BREXIT PANIC: Rotterdam SCRAMBLES to prepare for no deal Brexit
Rotterdam’s port, which accounts for eight per cent of the EU’s trade with the UK, has ramped up preparations for a no deal Brexit. The port, the world’s busiest from 1962 until 2004, is set to lose between two and four per cent of its long-term operations, according to estimates. The anxiety surrounding a hard Brexit likely stems from the port being a huge contributor to the national economy, accounting for 6.2 per cent of Dutch GDP and employing nearly 400,000 people.
It is feared the UK’s departure from the EU will result in an increase in important tariffs for goods, which could result in a drop of up to 40 per cent of trade.
Port officials are determined to avoid delays or custom clogs of trucks that arrive from all over Europe in the event of a no deal Brexit.
State leaflets issued to transporters travelling to Britain, state: “If you do not prepare, you will not cross.”
The leaflet has been published in eight languages, including Turkish, Polish, Russian, Bulgarian and Romanian.
Mark Dijk, external affairs manager of the port, said: “Cooperation will be essential and we hope that both sides have papers in order.
“We will expedite procedures to avoid delays on the way to the United Kingdom.
“To do this, we use Portbase, a mandatory registration system which must include the reservation of the date of travel by the transport company, the declaration of the nature of the cargo at the customs and the corresponding certificates.
“It can be done online, but without this procedure the truck will not be able to enter the ferry from the Netherlands.”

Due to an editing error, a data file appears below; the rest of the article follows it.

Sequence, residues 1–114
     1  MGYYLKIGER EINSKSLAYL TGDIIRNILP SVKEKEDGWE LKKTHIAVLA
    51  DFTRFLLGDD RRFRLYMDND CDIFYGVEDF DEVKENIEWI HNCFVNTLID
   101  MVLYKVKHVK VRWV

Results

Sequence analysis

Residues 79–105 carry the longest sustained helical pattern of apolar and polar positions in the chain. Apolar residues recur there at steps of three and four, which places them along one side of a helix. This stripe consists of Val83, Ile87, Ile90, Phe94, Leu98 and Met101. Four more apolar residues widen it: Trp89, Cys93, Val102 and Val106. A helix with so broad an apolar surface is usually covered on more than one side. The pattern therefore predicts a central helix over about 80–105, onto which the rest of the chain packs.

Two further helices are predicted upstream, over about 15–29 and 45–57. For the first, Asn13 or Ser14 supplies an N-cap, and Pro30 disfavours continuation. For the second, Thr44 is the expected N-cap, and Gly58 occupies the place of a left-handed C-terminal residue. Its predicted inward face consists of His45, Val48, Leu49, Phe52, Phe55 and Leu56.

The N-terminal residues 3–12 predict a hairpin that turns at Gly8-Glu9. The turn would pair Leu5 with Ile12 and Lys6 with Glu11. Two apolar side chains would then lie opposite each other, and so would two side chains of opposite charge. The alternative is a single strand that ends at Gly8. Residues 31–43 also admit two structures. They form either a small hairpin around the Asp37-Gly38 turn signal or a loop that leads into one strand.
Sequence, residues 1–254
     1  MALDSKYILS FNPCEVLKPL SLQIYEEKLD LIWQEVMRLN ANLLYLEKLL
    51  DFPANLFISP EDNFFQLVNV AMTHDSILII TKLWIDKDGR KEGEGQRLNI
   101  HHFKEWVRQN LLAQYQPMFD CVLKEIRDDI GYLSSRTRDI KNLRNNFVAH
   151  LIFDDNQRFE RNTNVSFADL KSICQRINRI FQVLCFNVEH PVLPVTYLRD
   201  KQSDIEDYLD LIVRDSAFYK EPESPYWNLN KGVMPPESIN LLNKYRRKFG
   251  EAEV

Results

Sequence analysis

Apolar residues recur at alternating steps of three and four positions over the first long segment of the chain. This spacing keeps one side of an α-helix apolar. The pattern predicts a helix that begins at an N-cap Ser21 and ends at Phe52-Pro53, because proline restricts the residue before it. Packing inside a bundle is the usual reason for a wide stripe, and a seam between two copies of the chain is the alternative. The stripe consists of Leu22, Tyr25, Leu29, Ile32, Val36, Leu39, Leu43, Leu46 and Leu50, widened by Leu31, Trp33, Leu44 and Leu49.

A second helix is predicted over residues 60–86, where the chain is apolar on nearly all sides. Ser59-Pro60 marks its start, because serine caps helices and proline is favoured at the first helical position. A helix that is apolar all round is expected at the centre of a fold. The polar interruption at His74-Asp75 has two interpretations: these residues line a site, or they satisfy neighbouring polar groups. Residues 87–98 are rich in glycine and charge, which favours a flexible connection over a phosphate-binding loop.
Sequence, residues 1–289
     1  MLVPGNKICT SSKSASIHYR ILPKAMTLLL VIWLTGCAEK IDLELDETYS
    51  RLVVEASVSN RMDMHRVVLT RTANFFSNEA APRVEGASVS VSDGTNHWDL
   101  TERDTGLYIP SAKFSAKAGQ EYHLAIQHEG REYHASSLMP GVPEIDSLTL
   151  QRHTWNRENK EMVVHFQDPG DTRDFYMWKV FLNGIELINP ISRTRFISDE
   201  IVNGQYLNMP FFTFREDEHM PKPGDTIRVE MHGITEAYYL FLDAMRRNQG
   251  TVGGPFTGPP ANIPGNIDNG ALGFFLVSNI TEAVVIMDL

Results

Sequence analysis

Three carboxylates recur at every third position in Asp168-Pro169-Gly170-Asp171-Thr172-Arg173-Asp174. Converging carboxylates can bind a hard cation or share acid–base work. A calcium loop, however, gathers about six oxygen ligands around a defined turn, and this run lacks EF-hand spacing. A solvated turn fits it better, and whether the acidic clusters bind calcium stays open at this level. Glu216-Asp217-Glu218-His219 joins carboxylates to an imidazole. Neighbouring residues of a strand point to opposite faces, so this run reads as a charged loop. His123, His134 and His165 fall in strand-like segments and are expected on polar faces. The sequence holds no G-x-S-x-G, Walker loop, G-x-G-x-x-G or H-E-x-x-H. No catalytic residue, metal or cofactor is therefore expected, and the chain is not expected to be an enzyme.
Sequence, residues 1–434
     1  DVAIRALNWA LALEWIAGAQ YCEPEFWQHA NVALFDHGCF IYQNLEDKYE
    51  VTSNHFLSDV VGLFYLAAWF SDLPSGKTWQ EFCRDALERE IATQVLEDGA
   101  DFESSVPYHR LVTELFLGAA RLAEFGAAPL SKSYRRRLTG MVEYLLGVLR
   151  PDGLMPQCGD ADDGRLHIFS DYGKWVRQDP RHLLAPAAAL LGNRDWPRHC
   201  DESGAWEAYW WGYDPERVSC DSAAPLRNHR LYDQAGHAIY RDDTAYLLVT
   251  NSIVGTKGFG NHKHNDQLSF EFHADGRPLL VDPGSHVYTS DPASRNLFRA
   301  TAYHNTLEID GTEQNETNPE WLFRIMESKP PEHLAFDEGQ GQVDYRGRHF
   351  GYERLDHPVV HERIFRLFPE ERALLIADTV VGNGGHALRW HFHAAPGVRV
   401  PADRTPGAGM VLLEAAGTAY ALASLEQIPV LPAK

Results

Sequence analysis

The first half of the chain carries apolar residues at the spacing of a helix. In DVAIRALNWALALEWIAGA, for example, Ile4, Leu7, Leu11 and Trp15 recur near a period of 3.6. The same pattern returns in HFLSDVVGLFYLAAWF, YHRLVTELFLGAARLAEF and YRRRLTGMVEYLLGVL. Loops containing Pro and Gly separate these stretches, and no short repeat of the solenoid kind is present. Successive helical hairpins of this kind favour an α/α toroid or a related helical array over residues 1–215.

Despite the prior warnings, it is expected that there will be rejections of merchandise in the terminals during the first six to eight weeks.
Some 35,000 Dutch companies do business with the UK and embark in Rotterdam, and those who do not submit the necessary forms will need a place to wait until they have been completed.
Mr Dijk added: “We have created five temporary parking lots to the north and south of the port.
“After those weeks, we assume that everyone will be up to date.
“We can not influence Brexit. We can only collaborate so that trade does not stop.”
British ports will be expected to carry out the same steps.
Dutch companies have already started to stockpile goods in warehouses located at the port, due to fears of a blockage of consumer goods if documents are not submitted on time.
Neele-Vat, one of the largest logistics and transport companies in the area, has already seen a 500 per cent increase in visits from the UK in the last six months.
Cuno Vat, director of the firm, said: “Most customers do not want to run out of stock in case of hard Brexit.
“They want to keep supplying their customers, and the current uncertainty is the worst.”
Additional reporting by Maria Ortega
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